I don't think any carriers write unlimited daily/monthly benefits on individual policies, though you can get an unlimited benefit period (vs. a 3-year, 5-year, etc). I am not familiar with the group LTC market. Even if they did, you wouldn't want to write the check. A "cadillac" LTC policy with the best benefits available would run $10-12k per year from Genworth or John Hancock for someone early 60's in decent health. A more realistic quote for your average policy would be $3-6k per year depending on benefits and health.
__________________
dgoldenz is offline   Reply With Quote
Old 11-14-2009, 12:26 AM   #32
Thinks s/he gets paid by the post
 
Join Date: Sep 2009
Location: Hong Kong
Posts: 1,574
US$400,000 pa!! For that kind of money, I could keep two aged parents in their own home with 24 hour nursing/helper care and have significant change left over (at least in Hong Kong I could).

Was there specialised medical care needed over and above what most people need?
__________________
Budgeting is a skill practised by people who are bad at politics.
traineeinvestor is offline   Reply With Quote
Old 11-14-2009, 12:37 AM   #33
Full time employment: Posting here.
 
Join Date: Nov 2009
Location: VA
Posts: 923
Quote:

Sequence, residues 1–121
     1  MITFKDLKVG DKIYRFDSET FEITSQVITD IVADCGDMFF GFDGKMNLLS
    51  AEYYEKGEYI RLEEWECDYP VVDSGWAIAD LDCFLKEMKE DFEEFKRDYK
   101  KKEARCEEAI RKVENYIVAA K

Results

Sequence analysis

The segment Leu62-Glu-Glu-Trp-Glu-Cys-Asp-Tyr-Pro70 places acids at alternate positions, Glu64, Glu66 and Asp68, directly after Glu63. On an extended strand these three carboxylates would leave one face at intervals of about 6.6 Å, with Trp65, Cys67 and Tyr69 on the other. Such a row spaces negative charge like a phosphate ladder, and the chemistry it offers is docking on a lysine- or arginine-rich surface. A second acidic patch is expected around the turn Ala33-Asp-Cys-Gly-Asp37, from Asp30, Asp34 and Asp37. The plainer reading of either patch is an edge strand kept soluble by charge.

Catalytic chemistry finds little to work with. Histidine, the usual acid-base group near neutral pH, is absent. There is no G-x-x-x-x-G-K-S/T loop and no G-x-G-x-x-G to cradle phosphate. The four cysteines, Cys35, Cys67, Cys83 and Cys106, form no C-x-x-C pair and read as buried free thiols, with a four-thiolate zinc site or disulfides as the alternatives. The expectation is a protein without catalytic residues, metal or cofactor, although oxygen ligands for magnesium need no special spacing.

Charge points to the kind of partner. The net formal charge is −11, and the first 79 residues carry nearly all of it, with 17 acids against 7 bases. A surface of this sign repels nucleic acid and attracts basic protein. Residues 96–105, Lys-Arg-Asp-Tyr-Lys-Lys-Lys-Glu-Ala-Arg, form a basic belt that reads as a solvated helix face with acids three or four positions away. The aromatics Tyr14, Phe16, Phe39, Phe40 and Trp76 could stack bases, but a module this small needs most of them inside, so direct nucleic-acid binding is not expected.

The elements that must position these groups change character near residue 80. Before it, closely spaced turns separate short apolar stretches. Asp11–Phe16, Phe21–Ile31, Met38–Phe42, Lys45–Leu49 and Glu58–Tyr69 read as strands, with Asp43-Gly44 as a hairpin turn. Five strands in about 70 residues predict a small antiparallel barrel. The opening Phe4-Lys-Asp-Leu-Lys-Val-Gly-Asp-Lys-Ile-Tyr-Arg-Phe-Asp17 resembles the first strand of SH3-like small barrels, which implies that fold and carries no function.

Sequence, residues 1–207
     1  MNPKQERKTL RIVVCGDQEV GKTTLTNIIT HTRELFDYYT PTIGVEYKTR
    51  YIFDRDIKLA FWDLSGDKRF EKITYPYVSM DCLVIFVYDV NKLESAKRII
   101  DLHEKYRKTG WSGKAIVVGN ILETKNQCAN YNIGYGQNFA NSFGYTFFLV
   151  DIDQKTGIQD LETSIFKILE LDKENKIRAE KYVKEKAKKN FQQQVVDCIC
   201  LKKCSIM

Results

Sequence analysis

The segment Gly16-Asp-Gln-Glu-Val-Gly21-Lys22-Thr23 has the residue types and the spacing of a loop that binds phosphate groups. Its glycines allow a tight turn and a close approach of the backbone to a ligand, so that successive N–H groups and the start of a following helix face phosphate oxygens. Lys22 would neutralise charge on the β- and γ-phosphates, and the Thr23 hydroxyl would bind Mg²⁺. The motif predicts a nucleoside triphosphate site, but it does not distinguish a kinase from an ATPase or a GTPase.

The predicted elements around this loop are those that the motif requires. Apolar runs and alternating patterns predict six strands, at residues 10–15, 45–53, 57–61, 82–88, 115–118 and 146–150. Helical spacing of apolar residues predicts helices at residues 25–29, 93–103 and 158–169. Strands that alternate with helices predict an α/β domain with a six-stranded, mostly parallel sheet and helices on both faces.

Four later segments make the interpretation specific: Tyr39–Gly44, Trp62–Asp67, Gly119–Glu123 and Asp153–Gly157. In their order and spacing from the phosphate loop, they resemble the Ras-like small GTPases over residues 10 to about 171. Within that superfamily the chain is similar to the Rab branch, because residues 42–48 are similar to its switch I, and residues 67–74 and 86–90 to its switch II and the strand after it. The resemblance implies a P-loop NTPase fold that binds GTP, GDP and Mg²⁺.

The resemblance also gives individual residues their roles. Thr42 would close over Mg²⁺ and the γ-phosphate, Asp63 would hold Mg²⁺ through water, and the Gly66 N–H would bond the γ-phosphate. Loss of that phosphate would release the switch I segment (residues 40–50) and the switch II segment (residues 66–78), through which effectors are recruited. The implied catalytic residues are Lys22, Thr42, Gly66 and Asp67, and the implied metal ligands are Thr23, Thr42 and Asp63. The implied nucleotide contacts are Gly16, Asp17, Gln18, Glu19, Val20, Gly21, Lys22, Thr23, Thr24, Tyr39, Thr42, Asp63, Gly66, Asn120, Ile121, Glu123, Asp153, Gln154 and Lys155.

Originally Posted by traineeinvestor View Post
US$400,000 pa!! For that kind of money, I could keep two aged parents in their own home with 24 hour nursing/helper care and have significant change left over (at least in Hong Kong I could).

Was there specialised medical care needed over and above what most people need?
I would imagine the level of care was pretty intense for that kind of money, and probably in a "best of the best" facility too. I don't know where the $400k number came from, but she said over the course of two years she had spent $800k of her own money on care for her mother, who was about 85 years old.
__________________
dgoldenz is offline   Reply With Quote
Old 11-14-2009, 07:48 AM   #34
Recycles dryer sheets
beowulf's Avatar
 
Join Date: Oct 2007
Posts: 466
Federal employees who purchased LTC incurance through the government received a nasty surprise this year - when the contract was recompeted, the new carrier boosted premiums for most policy holders 20 to 25%. This program was sold to employees with an implied promise that premiums would never increase - thus the anger.